A huge male moved in with dexterity from tree to tree. He swung to the forest floor, where his enormous presence wasn’t entirely reassuring! Biruté Galdikas believes that you loose your place in the jungle if you retreat. Anyhow, to be so close to draw them is thrilling! As a curiosity you may hold their attention but if you hesitate…these are the precious ephemeral seconds. However, in a spot, to have to hunt for an image trains the eye to detail at speed. I’m sure that to draw  animals well, you have to become a bit MORE animal!

“Princess” has crossed the barrier between our worlds. She communicates with signs. Though primates  lack the apparatus for speech, their use of tools is often recorded. Perhaps captivated by the technique of drawing, she has watched me closely. Her eye caught my vermillion pastel and like lightning it was between her fingers.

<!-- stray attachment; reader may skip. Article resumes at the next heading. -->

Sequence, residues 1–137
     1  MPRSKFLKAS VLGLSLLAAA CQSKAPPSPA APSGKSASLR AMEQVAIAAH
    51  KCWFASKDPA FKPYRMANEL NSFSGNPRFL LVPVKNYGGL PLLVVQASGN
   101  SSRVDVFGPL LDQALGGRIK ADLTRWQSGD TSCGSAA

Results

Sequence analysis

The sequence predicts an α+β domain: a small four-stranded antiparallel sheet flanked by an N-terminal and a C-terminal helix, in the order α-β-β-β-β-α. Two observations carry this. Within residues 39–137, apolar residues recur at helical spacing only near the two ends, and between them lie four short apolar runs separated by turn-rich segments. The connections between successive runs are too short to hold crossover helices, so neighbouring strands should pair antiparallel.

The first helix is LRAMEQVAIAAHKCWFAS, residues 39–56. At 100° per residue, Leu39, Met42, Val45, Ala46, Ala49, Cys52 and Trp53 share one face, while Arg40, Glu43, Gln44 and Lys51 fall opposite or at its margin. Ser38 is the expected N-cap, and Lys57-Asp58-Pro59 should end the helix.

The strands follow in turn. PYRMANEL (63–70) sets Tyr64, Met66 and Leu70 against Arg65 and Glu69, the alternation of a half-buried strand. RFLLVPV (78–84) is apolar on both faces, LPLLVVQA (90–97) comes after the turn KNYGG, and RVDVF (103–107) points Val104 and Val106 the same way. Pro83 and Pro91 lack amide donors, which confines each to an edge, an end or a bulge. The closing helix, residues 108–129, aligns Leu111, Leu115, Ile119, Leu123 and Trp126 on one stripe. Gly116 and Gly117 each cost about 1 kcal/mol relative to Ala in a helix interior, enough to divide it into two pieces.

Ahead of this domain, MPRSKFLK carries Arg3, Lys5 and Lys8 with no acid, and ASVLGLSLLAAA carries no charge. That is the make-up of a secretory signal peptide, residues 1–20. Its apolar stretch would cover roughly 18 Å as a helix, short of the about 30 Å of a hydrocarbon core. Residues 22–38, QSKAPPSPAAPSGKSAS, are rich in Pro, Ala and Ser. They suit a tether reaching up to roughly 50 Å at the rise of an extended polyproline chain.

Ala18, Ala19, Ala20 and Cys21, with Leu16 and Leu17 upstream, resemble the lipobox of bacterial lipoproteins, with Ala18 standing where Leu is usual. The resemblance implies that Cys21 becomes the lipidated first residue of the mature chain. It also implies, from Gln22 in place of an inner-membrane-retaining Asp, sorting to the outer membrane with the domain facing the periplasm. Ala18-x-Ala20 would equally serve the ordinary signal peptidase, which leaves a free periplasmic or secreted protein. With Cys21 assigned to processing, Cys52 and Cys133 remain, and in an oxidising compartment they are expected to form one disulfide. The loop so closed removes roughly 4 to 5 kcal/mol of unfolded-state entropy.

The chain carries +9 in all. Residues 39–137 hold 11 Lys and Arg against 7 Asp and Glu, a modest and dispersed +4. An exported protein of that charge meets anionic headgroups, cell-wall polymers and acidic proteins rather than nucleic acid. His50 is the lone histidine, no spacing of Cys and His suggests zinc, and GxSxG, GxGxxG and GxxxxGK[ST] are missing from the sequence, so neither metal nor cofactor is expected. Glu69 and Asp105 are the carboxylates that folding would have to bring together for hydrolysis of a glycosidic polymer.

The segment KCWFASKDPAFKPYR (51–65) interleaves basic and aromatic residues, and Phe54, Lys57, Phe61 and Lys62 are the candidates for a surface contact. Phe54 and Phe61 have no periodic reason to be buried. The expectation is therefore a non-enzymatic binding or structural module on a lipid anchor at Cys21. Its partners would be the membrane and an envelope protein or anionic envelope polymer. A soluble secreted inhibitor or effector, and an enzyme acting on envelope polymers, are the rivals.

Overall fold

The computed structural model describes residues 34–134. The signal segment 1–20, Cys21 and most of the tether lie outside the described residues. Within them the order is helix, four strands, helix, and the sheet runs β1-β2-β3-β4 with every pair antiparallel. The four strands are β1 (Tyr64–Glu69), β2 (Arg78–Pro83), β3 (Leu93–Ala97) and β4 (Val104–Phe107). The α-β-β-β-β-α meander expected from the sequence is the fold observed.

Foolishly, I turned to retrieve it, but no, she had plans! The ranger tried to grab it so she took vengeance on his shoe! With her pastel she applied sensuously the red to her lips! Then, taking my walking stick, she described a languorous red line from bottom to top…checking on the results briefly…she gulped the pastel Drawing in the wild is made more hazardous with charcoal and pastel, skidding and slide-slipping, each touch at risk from the next. You muster a jumble of ‘essential’ bits, rubbed and crushed. Often you have to run for your life!  You are always looking for that perfect travelling equipment to protect drawings in extreme conditions.

We leave Camp Leakey aboard Eperidi late, in the last light of the evening. Soon after, now dark, the boat stops abuptly. At first view, the propeller shaft has sheared..the boat immobilized. The engine silent, the shrill whistle-hiss takes over…a screech echoes across the water.

These few days in the jungle had lulled me ino a false state of security. At night it takes on a menacing guise. Furious at my dilletantism, I imagine swimming to the river bank, through crocodiles, drawing folder on my head! But Pak Ari plunged into the inky water to replace the crankshaft with a rusty bar. Bounding back aboad with a  smile he tried the engine…kelo…kelot…kelotok!